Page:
Tuesday, October 23, 2012

Do You Love Yourself?

A week or so ago, I came home from work, with my briefcase slung over one shoulder - my clothes were rumpled and creased from a long day at work.  My four year old daughter greeted me at the door with a hug (sometimes leave it to Beaver isn't just a TV show).  After she hugged me, Haley looked intently up into my eyes and said, "Daddy....do you love yourself?"  It was sort of one of those deep and jarring moments a parent sometimes has around an awkward question.  I might have been less thrown off by my daughter's question if she had asked, "Daddy...will you tell me where babies come from?"  Something about Haley's question pierced deeply into my soul.  Do I love myself?  Is it ok to love myself?  Can my daughter tell that I don't always love myself?  Is it that obvious?  How did she get so smart?  I tried to recover with a similar and parental retort; "Yes, I think I do Haley.  Do you love yourself?"  And Haley shot back with an instant smile and a "YES...daddy."

But let me put the same piercing question to you today.  Do you love yourself?  If you are like me the question meets you with a strange mix of of self-consciousness and embarrassment.  But why?  We are told by psychologists that unhealthy self love can develop into a kind of self-adoration (or narcissism) [Actually narcissism the way it is classically understood by the DSMIV is not a developed personality trait but an ingrained behavior disorder].  Loving ourselves, as we often think about it seems strange and aberrant.  However, the Bible is clear that loving ourselves is a central part of our ability to love God and to love others.

When Jesus is asked the trick question by the pharisees, "What is the most important law?" [Side note, there were two separate arms of pharisaism/sadducism in the first century.  There were those who felt that the first four commandments were the most important, those relating to God.  And there were those who felt the second set, 5-10 were the most important, those relating to humans.  Jesus does not fall for this trick.]  Jesus response was, "Love the Lord your God with all your heart, all your soul, all your mind and all your strength," and the second is like it, "love your neighbor."  The final piece is the one that relates to the love of ourselves...."love your neighbor AS yourself."  The Greek word for AS here is tough to pin down, but the notion is that we should love our neighbors "IN THE SAME WAY AS" we love ourselves.  And the fact that Jesus suggests we should love God in same way that we should love our neighbor (in like manner), the suggestion is even more stark.  We should love ourselves in the same way that we love God.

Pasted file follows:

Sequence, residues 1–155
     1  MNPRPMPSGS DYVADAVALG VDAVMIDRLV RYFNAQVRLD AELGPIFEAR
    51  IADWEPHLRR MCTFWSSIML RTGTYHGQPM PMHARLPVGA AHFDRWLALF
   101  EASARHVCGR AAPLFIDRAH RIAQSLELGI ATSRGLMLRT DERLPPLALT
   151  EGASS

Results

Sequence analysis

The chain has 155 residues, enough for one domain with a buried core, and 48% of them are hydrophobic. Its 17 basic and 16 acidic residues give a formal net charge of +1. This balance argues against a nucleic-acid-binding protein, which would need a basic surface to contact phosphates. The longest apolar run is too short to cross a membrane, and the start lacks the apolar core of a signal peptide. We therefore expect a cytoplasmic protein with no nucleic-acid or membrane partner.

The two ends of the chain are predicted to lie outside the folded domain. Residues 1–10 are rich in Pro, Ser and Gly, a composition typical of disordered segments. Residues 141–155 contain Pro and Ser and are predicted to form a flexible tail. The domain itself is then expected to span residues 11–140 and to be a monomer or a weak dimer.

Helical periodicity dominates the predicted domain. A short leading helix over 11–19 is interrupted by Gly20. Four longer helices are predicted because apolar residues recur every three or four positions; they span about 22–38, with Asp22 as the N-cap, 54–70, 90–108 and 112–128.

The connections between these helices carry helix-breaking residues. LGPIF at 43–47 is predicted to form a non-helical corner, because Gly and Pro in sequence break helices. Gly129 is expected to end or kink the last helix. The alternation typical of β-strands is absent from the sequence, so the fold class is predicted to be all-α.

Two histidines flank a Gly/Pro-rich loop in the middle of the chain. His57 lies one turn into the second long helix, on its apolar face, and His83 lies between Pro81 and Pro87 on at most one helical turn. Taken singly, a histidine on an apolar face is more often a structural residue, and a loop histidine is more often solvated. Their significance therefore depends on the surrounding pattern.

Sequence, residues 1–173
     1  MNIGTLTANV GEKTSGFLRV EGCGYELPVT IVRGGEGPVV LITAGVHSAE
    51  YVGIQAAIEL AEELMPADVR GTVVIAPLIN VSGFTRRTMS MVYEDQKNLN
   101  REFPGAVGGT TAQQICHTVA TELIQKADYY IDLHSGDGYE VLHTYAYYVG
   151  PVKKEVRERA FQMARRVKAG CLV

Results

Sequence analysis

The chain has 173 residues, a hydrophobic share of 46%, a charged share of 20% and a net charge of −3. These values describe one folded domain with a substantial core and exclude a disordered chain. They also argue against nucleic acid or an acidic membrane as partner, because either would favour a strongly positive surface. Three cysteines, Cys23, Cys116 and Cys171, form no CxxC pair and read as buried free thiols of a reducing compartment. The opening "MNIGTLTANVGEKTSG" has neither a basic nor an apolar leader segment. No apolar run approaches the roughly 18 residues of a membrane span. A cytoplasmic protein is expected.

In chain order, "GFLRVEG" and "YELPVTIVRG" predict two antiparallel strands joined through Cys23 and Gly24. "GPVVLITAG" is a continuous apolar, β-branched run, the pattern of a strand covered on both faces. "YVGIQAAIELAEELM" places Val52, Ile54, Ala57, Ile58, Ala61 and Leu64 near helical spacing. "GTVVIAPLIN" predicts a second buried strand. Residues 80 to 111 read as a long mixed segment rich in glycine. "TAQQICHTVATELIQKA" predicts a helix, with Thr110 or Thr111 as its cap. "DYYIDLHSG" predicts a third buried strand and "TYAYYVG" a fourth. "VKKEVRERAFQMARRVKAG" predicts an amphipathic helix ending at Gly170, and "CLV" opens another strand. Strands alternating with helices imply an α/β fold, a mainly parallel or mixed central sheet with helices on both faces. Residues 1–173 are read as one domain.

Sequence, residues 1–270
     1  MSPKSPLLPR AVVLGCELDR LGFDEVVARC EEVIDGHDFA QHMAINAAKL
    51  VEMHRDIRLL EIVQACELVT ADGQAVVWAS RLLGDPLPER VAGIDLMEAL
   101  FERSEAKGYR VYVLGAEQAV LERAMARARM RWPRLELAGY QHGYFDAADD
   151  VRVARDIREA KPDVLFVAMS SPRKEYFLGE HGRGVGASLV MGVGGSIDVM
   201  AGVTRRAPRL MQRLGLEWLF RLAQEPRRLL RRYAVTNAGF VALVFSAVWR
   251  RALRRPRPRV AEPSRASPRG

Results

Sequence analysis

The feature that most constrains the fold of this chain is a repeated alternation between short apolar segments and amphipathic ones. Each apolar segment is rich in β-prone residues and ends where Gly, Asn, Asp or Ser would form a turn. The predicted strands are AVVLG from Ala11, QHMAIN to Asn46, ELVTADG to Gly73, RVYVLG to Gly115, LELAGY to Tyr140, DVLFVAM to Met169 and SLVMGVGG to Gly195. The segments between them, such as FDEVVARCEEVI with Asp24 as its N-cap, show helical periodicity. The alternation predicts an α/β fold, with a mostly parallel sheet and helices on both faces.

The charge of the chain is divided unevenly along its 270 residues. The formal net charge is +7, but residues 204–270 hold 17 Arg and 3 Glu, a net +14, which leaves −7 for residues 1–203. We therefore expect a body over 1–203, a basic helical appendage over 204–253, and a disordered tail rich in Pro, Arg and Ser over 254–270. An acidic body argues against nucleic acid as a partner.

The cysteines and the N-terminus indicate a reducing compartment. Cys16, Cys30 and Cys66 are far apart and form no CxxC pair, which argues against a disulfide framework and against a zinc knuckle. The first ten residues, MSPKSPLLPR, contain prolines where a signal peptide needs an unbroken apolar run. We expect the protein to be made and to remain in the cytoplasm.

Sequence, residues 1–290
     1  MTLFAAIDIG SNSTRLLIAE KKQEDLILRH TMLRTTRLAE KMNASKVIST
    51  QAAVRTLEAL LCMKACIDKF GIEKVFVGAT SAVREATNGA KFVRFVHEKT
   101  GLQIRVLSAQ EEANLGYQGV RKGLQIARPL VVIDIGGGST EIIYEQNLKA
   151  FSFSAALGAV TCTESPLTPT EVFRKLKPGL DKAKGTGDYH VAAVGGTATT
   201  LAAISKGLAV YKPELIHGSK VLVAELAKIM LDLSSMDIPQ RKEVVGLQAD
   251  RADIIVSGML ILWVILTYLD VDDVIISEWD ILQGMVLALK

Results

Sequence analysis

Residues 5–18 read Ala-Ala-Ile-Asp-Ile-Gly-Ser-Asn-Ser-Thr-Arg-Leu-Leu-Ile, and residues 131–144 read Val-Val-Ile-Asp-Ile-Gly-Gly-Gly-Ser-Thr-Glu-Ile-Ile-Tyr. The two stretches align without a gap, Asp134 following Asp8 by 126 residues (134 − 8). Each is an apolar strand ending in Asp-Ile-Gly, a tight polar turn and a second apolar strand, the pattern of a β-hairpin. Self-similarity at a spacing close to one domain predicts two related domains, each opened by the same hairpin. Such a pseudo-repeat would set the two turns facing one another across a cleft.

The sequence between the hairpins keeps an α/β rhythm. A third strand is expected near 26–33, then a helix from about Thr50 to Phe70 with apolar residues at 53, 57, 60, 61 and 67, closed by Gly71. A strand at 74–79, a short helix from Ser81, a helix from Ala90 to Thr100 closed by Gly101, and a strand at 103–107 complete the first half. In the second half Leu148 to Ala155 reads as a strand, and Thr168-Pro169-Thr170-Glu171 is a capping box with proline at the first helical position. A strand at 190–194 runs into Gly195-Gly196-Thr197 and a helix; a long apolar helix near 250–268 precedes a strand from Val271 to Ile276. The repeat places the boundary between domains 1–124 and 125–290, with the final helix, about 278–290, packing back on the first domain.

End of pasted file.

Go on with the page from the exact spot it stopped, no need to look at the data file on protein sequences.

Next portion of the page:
And of course, the implication here is just as startling.  If we don't love ourselves in the same way, or with the same amount of "heart, soul, mind and strength" as we love God and we love our neighbor, we are not hitting the mark of perfection that God seeks from us.  Actually, one fundamental form of fallenness for humans is the inability to love ourselves as we love God and we love our neighbor.  Great, I now have another thing to ask forgiveness for, not loving myself as God wants me to love myself.

About an hour later, I found my daughter Haley playing with her stuffed animals in her room.  I came in and I asked, "Haley, can I ask you a question?"  She said, "yes,"  "Do you love yourself?"  Haley said, "Daddy, I already answered that question.  Yes I do."  Quite right!  Multiple answers to the question of whether we love ourselves or not might imply that we are somehow insecure about the answer, and that we need to work on that healthy God given form of self love.  And so, I will just write it down as a beginning point of self-discovery...


There I feel better...

All For Now,

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